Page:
The success of the iPhone has triggered the adoption of touchscreen systems in a wide range of mobile devices, and a bevy of new gadgets equipped with capacitive sensing technology have now hit the market. MOTO has years of experience developing products that use capacitive touch, and we’ve had the opportunity to test many of the latest devices. Our conclusion: All touchscreens are not created not equal.
It takes finesse to create a touchscreen system that’s pleasant to use, because touchscreens require seamless integration between hardware components, software algorithms, and user-interface design. If a manufacturer cuts corners or flubs any of the critical elements, the user’s experience with a touchscreen product is likely to suffer.
Simple and True
Although we usually use sophisticated tools to test touch screen accuracy, MOTO has also developed a simple technique anyone can use to evaluate the resolution and accuracy of a touchscreen device. All you need is a basic drawing program (download one if necessary), a steady hand, and a few straight lines drawn very slowly on the screen.
This video shows what happened when we recently took several touchscreen systems out for a test drive:
The Virtue of Slow
Why do you need to draw slowly? On a good touchscreen, users can draw clean straight lines, even while going very slowly, so the graphics that appear on screen accurately represent what was physically drawn.
On inferior touchscreens, it’s basically impossible to draw straight lines. Instead, the lines look jagged or zig-zag, no matter how slowly you go, because the sensor size is too big, the touch-sampling rate is too low, and/or the algorithms that convert gestures into images are too non-linear to faithfully represent user inputs.
Also, even on a single device, the amount of pressure and the part of the finger you use on the screen has an impact on how well it senses. A good touchscreen device will produce linear output regardless of whether you’re using the full pad of your finger, or just the dry corner of your cuticle. When comparing devices, make sure to use even pressure across all of them.
If you want to show the most extreme case, draw very lightly with the corner of your finger. The artifacts will increase significantly, showing which device is really the best with a weak signal. This is important because quick keyboard use and light flicks on the screen really push the limits of the touch panel’s ability to sense.
Here you can see the results of our test:
Take careful note of the performance at the edges of the screen. The performance at the edge is challenging to tune, and separate from the basic “waviness” test. The iPhone tracks all curve very strongly as you approach the edge of the screen, despite a straight finger trajectory. This is especially obvious at the bottom, where the iPhone has a sensitivity problem.
The Droid Eris [Nexus One] is actually the clear winner for edge performance — the signal tracks right off the edge of the screen very consistently.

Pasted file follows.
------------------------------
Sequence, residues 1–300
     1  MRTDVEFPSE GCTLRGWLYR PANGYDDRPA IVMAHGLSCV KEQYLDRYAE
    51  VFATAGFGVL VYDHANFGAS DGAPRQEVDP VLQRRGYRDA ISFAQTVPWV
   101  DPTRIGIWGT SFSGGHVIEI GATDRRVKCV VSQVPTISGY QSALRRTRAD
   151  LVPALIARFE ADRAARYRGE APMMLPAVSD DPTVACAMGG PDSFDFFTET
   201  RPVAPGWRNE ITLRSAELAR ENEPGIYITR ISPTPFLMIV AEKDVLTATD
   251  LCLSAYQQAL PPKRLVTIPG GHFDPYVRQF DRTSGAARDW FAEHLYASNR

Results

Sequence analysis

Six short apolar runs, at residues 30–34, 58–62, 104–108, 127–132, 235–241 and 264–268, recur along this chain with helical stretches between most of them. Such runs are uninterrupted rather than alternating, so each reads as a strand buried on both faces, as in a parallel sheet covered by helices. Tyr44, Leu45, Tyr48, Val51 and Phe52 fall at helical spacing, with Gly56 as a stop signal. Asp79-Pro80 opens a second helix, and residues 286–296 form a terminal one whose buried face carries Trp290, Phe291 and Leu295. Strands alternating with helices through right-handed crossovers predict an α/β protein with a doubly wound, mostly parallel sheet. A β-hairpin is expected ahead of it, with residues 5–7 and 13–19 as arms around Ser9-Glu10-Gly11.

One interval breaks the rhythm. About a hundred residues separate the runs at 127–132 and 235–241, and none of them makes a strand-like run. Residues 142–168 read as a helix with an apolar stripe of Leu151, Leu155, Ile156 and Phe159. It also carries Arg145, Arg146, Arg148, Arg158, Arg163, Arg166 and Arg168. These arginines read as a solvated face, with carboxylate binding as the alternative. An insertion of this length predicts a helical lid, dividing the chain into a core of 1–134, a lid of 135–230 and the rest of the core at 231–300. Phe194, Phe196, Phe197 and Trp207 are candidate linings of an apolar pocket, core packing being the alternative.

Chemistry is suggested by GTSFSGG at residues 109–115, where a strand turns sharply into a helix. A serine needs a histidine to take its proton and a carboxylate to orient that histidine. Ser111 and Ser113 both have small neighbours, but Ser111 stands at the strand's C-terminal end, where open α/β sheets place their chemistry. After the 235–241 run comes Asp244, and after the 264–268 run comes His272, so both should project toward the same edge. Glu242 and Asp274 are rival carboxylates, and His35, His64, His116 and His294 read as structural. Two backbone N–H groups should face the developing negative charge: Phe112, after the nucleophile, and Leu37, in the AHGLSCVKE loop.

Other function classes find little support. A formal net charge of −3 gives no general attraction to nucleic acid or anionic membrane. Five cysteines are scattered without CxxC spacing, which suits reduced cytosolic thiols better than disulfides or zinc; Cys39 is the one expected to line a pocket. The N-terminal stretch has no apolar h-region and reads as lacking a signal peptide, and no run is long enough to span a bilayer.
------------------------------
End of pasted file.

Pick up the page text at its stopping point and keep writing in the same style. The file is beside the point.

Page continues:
As of time of first writing, we hadn’t tested the Nexus One. It does slightly better than the Eris. In fact, they both use the same touch controller IC.
A Quest for High Signal-to-Noise Ratio
To create a superior touchscreen experience, it’s essential to develop a touchscreen sensor that has the highest possible signal-to-noise ratio, or SNR. When a manufacturer gets it right, the device tracks touch inputs almost as if they were connected to physical objects in the real world. Get it wrong and consumers end up with inferior touchscreen systems that are inaccurate, insensitive, and absolutely infuriating to use for typing.
Key drivers of SNR include:
- Conductive sensor material
- Substrate material
- Substrate thickness
- Distance from display (the biggest noise source)
- Sensing waveform
- Sensor pattern
- Sensor pitch
- Analog sensing circuitry
- Sample rate
Touchscreens are a catalyst for innovation and a powerful way for device manufacturers to differentiate their products in an intensely competitive marketplace. But as our demonstration shows, there’s a right way and a wrong way to deploy the technology. MOTO has worked with capacitive touch interfaces for more than 15 years, and here are some essential dos and don’ts for anyone entering the field:
- Don’t skimp on materials. With touchscreen hardware, manufacturers get what they pay for — and consumers will notice the difference.
- Allow ample time to develop your algorithms. Don’t treat touchscreen algorithms as an element of component sourcing; for best results, create a distinct touch development track under your own roof to make sure your products are both responsive and accurate.
- Closely integrate touchscreen hardware, software, and user interaction development, and do so as early as possible in the product development process. Never treat them as separate tasks.
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